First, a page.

Issue 14.6: Dec. 2011 / Jan. 2012

Cinema of the Sea

story by Sheila Sarhangi

art courtesy Waimea Ocean Film Festival


Jake Eberts is sharing inside stories about the films he’s produced: Gandhi, Dances with Wolves, A River Runs Through It. When he gets to the film he’s showing at the Waimea Ocean Film Festival (WOFF), Disney’s Oceans, the audience seems distracted. Behind him, out the floor-to-ceiling windows and beyond the shoreline, a humpback whale slaps its tail on the ocean’s surface for a full two minutes, as if applauding.


This was just one of many moments of beauty and synchronicity at the first WOFF, a five-day event featuring some thirty films about the sea—its environment, the creatures that inhabit it and the people who depend on it.


The second annual festival promises to outdo the first, which some Hollywood bigwigs in attendance said had a “fabulous” turnout for an inaugural event. On the slate is Family of the Wa‘a, which documents a 1,750-mile, six-year journey up the Hawaiian Island chain via outrigger paddling canoe. (The three paddlers who completed the entire voyage will be there to talk about the experience.) Wayne Levin will share his haunting photos of the remote and rarely visited Northwestern Hawaiian Islands. Not all events link directly to the ocean; the award-winning documentary Happy explores cutting-edge science to understand what really makes people happy.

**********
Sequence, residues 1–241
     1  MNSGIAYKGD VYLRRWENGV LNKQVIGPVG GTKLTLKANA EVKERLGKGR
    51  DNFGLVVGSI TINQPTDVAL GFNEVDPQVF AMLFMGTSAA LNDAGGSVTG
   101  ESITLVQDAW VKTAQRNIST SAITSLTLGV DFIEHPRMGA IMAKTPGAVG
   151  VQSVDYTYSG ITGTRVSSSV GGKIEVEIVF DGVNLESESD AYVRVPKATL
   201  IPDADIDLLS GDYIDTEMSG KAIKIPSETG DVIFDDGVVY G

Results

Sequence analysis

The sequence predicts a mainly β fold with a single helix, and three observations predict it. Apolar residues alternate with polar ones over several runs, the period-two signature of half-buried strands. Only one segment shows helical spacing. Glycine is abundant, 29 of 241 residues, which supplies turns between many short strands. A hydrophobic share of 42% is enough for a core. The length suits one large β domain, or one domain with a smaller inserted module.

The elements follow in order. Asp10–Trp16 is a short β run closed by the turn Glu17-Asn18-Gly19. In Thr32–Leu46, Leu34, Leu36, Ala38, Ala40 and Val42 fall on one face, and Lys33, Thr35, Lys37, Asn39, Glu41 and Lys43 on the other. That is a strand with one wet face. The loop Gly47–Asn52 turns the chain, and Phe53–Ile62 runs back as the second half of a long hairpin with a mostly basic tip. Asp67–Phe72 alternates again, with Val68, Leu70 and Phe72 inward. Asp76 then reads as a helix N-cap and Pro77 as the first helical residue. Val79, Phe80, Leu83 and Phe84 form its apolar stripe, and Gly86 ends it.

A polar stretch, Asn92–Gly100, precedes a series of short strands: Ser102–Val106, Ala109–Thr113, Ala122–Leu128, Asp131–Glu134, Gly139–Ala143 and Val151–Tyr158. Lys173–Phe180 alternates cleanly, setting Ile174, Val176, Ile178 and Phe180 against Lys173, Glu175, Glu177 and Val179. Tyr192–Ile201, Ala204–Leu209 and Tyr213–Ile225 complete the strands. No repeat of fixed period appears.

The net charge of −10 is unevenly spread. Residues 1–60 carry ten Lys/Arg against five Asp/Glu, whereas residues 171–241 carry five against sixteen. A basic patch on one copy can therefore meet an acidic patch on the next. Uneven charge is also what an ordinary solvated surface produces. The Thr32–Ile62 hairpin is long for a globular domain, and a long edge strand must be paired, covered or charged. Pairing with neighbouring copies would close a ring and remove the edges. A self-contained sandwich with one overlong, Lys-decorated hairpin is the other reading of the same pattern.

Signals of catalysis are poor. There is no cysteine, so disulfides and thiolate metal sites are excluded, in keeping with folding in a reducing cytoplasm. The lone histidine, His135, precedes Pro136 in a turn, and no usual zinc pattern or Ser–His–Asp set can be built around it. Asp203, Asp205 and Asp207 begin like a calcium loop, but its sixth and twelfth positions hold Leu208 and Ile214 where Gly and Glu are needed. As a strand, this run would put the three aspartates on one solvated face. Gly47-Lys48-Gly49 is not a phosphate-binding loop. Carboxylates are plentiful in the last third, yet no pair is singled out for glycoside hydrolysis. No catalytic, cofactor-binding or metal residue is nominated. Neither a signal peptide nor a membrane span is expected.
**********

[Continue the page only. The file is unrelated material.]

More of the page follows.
The festival will take place January 4 to 8, 2012, at three venues in Waimea and at the Mauna Kea Beach Hotel. It runs again January 13 to 15 at the Four Seasons Hualalai. The festival’s founder and executive director, Tania Howard, felt inspired to bring thought-provoking films to Hawai‘i after she attended the Telluride Mountain Film Festival two years ago, she says. But she wanted WOFF to be about more than just the films, so the festival features talks with filmmakers and scholars, art exhibits and activities like sunrise beach yoga. “I want people to have the opportunity to discuss the films and engage in conversations and hear speakers that really grab our attention,” she says. “My hope is that people walk away having heard or seen something that they wouldn’t have otherwise.”